This is also why some characters in emulators can’t be bound without rebinding others - such as CTRL-[, which is the caret notation for escape, or CTRL-I, which is the caret notation for a horizontal tab. They are indistinguishable for the terminal application, since the emulator send the same keycode for them.

How applications signal colours (and other things) to the emulator

Terminal applications use that CSI and the escape codes to signal to the emulator which action has to be taken - like the previously mentioned colours and cursor movement.

Text attributes are set with ESC[{numbers}m, where {numbers} may be one number or multiple numbers separated with a semicolon and reset with ESC[0m, where the zero may be omitted.

Note: ESC[m resets all text attributes, not only the colours.

Red text on a black background would be signaled with ESC[31;40m and underlined with ESC[4m:

#include <stdio.h>

int main() {

    //    +- begin escape sequence (ANSI C notation)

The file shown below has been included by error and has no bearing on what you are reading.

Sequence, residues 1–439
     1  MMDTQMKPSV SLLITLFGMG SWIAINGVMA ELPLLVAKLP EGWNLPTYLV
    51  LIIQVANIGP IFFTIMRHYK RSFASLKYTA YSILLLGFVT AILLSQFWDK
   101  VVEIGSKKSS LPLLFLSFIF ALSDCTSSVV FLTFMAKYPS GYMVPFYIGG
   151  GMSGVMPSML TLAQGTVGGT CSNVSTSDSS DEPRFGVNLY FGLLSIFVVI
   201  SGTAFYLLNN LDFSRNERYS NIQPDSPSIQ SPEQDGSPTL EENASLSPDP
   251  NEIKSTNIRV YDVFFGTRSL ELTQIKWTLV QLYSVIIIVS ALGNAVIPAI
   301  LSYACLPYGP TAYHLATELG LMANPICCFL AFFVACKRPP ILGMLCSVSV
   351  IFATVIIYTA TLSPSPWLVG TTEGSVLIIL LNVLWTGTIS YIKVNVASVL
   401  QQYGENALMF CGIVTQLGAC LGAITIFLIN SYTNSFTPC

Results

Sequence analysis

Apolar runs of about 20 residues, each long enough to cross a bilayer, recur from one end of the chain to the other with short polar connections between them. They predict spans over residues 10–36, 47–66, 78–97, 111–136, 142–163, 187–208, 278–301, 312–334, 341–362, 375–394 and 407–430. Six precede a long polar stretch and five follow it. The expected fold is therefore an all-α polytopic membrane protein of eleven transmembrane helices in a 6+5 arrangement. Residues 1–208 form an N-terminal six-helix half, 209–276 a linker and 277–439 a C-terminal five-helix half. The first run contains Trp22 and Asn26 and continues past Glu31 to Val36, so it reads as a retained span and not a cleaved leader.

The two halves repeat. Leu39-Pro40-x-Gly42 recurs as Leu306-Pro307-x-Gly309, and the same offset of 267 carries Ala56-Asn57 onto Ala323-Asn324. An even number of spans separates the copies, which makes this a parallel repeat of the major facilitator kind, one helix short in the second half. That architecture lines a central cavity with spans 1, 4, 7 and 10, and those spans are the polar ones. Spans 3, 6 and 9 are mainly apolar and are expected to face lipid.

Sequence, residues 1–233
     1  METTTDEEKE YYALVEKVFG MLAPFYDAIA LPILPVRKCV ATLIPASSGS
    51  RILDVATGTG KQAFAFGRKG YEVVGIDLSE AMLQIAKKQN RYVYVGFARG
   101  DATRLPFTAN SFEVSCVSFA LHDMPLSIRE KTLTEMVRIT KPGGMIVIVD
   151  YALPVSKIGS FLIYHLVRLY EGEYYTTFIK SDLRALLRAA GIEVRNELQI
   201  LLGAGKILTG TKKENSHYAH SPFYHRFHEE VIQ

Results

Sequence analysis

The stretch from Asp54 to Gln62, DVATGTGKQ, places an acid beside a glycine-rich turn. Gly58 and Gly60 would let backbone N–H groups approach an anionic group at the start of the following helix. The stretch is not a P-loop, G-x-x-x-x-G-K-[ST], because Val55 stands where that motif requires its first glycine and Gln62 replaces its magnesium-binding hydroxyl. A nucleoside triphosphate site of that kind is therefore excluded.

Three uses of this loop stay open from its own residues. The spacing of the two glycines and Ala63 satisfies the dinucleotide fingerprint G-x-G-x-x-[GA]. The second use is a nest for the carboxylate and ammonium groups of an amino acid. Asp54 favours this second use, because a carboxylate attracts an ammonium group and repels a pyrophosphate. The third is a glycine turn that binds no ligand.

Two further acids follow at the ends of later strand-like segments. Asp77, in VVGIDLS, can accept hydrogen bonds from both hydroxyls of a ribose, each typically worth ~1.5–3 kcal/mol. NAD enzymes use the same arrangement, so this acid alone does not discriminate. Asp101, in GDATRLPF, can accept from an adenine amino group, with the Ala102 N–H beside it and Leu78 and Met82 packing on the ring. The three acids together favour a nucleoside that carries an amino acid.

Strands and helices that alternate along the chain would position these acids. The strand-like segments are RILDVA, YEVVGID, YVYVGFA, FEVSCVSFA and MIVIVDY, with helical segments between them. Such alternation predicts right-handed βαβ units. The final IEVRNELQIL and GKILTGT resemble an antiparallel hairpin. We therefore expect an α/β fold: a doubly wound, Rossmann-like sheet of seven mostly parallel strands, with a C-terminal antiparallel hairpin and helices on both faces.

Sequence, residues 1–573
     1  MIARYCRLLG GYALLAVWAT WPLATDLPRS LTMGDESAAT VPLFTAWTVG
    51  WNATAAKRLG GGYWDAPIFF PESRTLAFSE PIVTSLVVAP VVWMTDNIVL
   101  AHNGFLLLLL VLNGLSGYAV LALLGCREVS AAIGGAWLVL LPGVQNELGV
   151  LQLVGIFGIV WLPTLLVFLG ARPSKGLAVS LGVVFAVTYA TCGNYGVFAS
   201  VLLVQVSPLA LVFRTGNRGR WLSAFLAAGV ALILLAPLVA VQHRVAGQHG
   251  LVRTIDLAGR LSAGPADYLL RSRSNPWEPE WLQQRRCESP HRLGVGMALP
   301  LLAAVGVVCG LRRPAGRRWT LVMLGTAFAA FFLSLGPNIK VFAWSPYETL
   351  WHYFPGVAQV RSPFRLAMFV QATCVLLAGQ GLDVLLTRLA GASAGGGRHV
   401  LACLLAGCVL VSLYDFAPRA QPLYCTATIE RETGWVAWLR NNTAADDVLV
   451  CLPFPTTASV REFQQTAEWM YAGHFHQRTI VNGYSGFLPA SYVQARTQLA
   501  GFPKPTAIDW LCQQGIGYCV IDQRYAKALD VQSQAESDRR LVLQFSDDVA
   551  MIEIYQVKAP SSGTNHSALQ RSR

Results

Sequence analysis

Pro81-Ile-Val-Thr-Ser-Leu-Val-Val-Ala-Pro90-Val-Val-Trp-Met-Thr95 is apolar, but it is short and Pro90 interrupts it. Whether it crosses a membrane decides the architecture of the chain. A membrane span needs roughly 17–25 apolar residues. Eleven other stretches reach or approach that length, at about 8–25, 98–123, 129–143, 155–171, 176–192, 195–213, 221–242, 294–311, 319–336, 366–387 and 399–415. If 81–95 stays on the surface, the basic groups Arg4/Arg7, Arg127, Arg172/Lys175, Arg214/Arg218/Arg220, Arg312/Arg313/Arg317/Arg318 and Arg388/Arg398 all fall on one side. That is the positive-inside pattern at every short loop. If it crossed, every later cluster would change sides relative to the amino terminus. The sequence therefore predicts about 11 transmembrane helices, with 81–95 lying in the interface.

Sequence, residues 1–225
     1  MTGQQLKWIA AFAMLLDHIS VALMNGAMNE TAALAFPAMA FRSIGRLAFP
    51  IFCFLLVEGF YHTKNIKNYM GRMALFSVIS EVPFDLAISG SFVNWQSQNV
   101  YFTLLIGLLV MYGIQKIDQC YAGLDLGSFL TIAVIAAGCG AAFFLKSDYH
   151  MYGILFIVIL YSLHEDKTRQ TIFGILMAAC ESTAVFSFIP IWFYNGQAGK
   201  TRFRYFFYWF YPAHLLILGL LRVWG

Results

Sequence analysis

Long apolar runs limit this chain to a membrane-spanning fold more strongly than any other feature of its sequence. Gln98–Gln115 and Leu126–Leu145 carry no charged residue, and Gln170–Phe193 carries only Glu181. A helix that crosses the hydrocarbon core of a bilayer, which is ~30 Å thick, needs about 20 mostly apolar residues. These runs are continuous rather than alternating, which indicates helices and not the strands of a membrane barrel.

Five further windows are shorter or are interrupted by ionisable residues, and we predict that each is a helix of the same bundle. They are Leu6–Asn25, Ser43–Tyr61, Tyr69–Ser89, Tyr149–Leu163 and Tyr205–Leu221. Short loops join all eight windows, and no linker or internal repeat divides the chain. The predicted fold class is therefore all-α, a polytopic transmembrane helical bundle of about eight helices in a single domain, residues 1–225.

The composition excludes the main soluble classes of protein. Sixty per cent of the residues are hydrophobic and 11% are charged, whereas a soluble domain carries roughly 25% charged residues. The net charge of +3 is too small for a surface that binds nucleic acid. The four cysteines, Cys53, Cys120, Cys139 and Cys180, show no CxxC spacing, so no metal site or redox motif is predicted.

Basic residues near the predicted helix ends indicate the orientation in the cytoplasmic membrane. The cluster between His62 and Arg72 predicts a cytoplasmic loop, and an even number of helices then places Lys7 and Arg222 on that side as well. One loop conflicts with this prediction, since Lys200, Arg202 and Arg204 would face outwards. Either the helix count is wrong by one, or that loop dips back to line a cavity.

//    |  +- foreground colour
    //    |  |+- red
    //    |  || +- background colour
    //    |  || |+- black
    //    |  || || +- end of text attribute sequence
    puts("\e[31;40m Red text on black background");

    //    +- begin escape sequence (hexadecimal notation)
    //    |    +- underlined text attribute
    //    |    |+- end of text attribute sequence
    puts("\x1B[4m This is red underlined text on black background");

    //    +- begin escape sequence (octal notation)
    //    |    +- end of text attribute sequence
    puts("\033[m This is default");
    //    interpreted as ESC[0m by the emulator

256 colour terminals

Most modern terminals also support the extended colours - these are signaled with the text attribute codes 38 and 48 for foreground and background respectively in the following form: ESC[{fg,bg};5;{number}m

The 5; specifies the 8bit colour format, with three bits for red, three for green and two for blue, resulting in 256 different combinations:

 2^3 * 2^3 * 2^2 = 256

The {number} represents a colour in the 256 CLUT: